How three ordinary guys are changing the face of Christian video games
By Kirk Noonan
It was a terrible idea.
The Christian video game market was wide open, but largely uncharted. Houses would have to be mortgaged and assets liquidated.
Plus, they were too old, family-oriented and strapped for time to have a chance as a startup in Silicon Valley. Even worse, he wasn’t sure if G-rated video games would catch on with Christians, let alone with the masses.
While his mind kept raising red flags, something unexpected happened. “I felt compelled by God to go for it,” says Tom Bean.
Bean, along with his brother Bill, joined Peter Fokos in founding Digital Praise, a Christian video game maker headquartered in Fremont, Calif.
Since then, the terrible idea has become a burgeoning company committed to making fun games and changing the spiritual landscape of the video game industry.
Three gifts, one vision
Fokos, creative director of Digital Praise, had worked in the video game industry on such brands as Carmen Sandiego, Reader Rabbitt and ClueFinders. But when The Learning Company laid him off he found himself looking for new direction.
One day as he read The Wall Street Journal he saw an article about Christian video games. “I thought it would be cool to use the skills I had developed over 20 years in the industry to serve the Lord,” he says. “I shared that with my wife and she suggested I start my own company.”
Not sure if he should invest the time and money in such a venture, he prayed, read his Bible and searched domain names for his would-be company. He settled on “Digital Praise.” With the name in place, he says laughing, all he needed was a product, finances and a couple of partners. He decided to find a product first.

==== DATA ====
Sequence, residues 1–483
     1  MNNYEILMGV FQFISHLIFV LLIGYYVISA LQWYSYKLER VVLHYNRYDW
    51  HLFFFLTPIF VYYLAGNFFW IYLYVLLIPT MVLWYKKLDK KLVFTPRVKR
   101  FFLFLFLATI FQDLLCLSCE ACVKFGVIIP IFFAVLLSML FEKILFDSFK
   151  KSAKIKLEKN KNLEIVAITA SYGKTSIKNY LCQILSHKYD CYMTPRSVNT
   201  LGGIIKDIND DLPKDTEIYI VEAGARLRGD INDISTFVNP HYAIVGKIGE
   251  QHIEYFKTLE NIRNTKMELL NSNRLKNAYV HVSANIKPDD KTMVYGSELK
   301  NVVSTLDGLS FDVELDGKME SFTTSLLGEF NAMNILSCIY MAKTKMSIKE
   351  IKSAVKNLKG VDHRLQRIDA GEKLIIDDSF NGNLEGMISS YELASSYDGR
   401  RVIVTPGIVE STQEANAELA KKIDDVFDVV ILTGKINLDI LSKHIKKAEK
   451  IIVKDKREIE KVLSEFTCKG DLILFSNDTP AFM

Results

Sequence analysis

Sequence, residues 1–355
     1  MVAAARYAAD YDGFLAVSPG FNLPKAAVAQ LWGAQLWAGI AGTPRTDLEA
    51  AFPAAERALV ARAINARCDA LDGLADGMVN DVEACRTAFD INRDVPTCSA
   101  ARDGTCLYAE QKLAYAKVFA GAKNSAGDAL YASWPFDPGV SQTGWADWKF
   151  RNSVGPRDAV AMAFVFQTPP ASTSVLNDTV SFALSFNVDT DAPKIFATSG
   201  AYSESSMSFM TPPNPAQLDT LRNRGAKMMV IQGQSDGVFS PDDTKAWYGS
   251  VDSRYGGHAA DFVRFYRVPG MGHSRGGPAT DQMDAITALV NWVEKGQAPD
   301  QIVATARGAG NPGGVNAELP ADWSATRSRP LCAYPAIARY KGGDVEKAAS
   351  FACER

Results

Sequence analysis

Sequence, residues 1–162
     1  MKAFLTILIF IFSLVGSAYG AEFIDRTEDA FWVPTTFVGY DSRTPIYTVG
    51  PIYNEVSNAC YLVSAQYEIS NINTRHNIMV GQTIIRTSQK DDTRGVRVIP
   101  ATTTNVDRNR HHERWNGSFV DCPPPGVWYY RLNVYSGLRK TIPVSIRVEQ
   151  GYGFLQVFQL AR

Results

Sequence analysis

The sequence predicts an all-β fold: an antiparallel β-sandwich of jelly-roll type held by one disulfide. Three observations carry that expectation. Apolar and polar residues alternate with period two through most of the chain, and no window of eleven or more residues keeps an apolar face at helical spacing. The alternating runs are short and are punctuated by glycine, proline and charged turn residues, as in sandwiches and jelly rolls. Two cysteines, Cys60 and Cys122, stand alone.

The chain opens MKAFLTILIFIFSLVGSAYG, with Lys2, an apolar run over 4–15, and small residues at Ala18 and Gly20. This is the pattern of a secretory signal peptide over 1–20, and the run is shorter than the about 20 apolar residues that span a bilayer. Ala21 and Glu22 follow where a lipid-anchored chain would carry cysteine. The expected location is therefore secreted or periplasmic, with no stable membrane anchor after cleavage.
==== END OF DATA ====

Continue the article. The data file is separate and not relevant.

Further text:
“From my experience I’ve learned that if you create something from scratch — no matter how good it is — it’s going to be difficult to sell,” he says. “So, I started searching for a well-known Christian children’s property I could build a game around.”
After riffling through his 6-year-old daughter’s video and DVD collection he set his sites on The Adventures of Odyssey series produced by Focus on the Family. After establishing a relationship with Focus on the Family, Fokos met with fellow church members Bill and Tom Bean (they all attend Harbor Light Assembly of God, Pastor Terry Inman).
“Bill and I thought maybe we should come alongside Peter and help him launch the company,” says Tom, who used to own a mortgage-banking consulting firm. “We had planned on helping him secure the brand agreement and sending him on his way. But Peter asked us if we would consider praying about coming on as partners.”
The company incorporated in June 2003. Tom Bean says God has been blessing and challenging them ever since.
One of the first challenges they grappled with, say the Beans, was whether or not they should be overt about their faith as they worked in a $10-billion industry better known for hit games that glorify violence, sex and demonic themes.
“We questioned whether we wanted to be a faith-based Christian company or if we were going to be a family-friendly company that had products with Christian themes,” says Tom, noting that Fokos always wanted to be overt about their faith. “In a series of ‘God-events’ we decided to side with Peter. Even non-Christians told us, ‘It’s who you are and it differentiates you from other companies.’ We found peace in that and it was a great day when we realized who we were as a company and how we were going to approach the business world.”
Today, visitors to the company’s headquarters are greeted by a large sign that reads, “Digital Praise: Glorifying God through interactive media.”